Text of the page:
Photo by Ina Fassbender/AFP via Getty Images Holiday parties may look different this year as COVID-19 continues to spread in the US at an alarming rate.
Photo by Ina Fassbender/AFP via Getty Images

“We want to be really conscientious and respectful of all parties, but at the same point in time, afford people the opportunity to get together.”

The staff at St. Maria Goretti Catholic Church in Scottsdale was planning to go ahead with its annual office Christmas party this year—but with social distancing and other COVID-19 precautions in place.

As coronavirus cases continue to surge in Arizona and across the country, however, the Rev. Thomas Hallsten and parish manager Lynda Melton decided it was safer to pull the plug.

“As much as we’d like to have that bonding and social time, it’s really not essential,” Melton said. “We’ll do it down the road when things improve.”

Holiday Precautions

The church joins offices across the country that are canceling holiday parties this year, finding ways to celebrate virtually or with other precautions in place, like holding the party outdoors and taking partygoers’ temperatures.

Just 23% of companies who responded to a survey by the outplacement company Challenger, Gray and Christmas said they plan a year-end celebration this year, a complete reversal from the 76% who held parties last year. Of the 189 businesses that responded to the annual survey, just 1.3% said they planned to go ahead with a traditional party with no restrictions.

That doesn’t mean the desire for a holiday party is any less, said Andrew Challenger, the senior vice president of Challenger, Gray & Christmas.

“I think the idea is companies still would like to try to get people together,” Challenger said. “Even if it’s only virtually to do something other than talk about business, like getting people together within an organization to connect with each other, in some way is meaningful.”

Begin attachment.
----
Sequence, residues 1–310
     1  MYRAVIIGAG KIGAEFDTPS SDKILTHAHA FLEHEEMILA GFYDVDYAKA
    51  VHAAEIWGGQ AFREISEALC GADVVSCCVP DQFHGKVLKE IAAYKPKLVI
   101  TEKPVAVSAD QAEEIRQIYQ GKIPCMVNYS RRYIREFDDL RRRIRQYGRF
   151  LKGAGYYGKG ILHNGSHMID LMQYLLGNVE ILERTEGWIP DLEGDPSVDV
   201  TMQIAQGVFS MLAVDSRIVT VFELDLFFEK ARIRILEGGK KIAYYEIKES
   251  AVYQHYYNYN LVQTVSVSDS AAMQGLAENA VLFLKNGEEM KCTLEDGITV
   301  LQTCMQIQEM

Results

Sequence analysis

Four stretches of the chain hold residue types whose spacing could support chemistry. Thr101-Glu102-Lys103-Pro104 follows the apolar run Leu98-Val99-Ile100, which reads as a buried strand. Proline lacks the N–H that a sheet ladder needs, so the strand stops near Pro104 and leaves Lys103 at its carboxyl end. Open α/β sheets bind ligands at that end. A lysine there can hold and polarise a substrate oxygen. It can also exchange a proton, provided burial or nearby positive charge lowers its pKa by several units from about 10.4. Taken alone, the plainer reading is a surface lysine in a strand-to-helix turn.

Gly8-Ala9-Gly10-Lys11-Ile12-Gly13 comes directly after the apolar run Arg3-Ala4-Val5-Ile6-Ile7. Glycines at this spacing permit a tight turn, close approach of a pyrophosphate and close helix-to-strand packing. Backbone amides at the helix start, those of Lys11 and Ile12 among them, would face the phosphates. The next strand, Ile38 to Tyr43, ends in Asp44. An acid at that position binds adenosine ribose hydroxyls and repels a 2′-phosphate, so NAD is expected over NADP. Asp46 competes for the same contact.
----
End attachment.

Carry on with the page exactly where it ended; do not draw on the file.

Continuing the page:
The annual holiday party is important to staff at the Phoenix IT company Adopt Technologies, said Brett Helgeson, its president and CEO.

“We genuinely like hanging out with each other,” Helgeson said.

Finding Ways to Stay Close

Office culture is vital and the office party is one way for co-workers to connect, he said. With so many employees working from home because of the pandemic, he said it “was even more critical that we get together in some fashion and have some sort of event.”

But not everyone in the office is comfortable with larger gatherings, so this year’s party will be shaped by COVID-19.

“We want to be really conscientious and respectful of all parties, but at the same point in time, afford people the opportunity to get together,” Helgeson said.

“Kind of the first thing that we’re going to be doing is a virtual happy hour where we’re hiring a mixologist,” he said. “Then the second thing that we’re going to do, which will include the families, is going to be a pop-up movie, where we’re all going to go to a drive-in theater.”

Challenger agreed that holiday parties are an integral part of an office environment. He said workers may spend about eight hours a day with their officemates, but the holiday party, and other gatherings, help create stronger bonds.

“There’s all these just really human, community elements of a holiday party that you don’t get to see almost any other time of the year,” Challenger said.

Even though St. Maria Goretti has only a handful of staff members, Melton understands the need to get together after months of distance work.

“I think there is a lot of screen time,” Melton said. “It doesn’t replace being able to gather together … I don’t think Zoom fills that.”

No Such Thing as a Socially-Distant Buffet

In previous years, staffers exchanged presents in a game of secret Santa and had a team-building activity. She tried to think of ways to pull it off this year, but always came back to the health risk.

“You might be 6 feet apart or you might have a covering over your buffet,” she said. “But again, you’re still introducing that element of potential risk.”

So now, she said, it’s time to reinvent. Melton said she will still bring staff their end-of-year gifts, but they will be delivered to the employee’s office, or might be distributed outdoors.

Melton said she has even considered a virtual party. For the church, she said, Christmas holds a deeper meaning.

“For us, it’s not simply a Christmas party,” Melton said. “Christmas has a different meaning for us than it does in the secular world.”

But the social aspect of the season is the same everywhere, and Melton said a holiday gathering is vital to staff morale and bonding.

Because of that, Challenger believes the holiday party will come back as soon as companies feel safe.

“I think there’s a real loss this year for not being able to have it,” he said. “There’s all these just really human community elements of a holiday party that you don’t get to see almost any other time of the year.”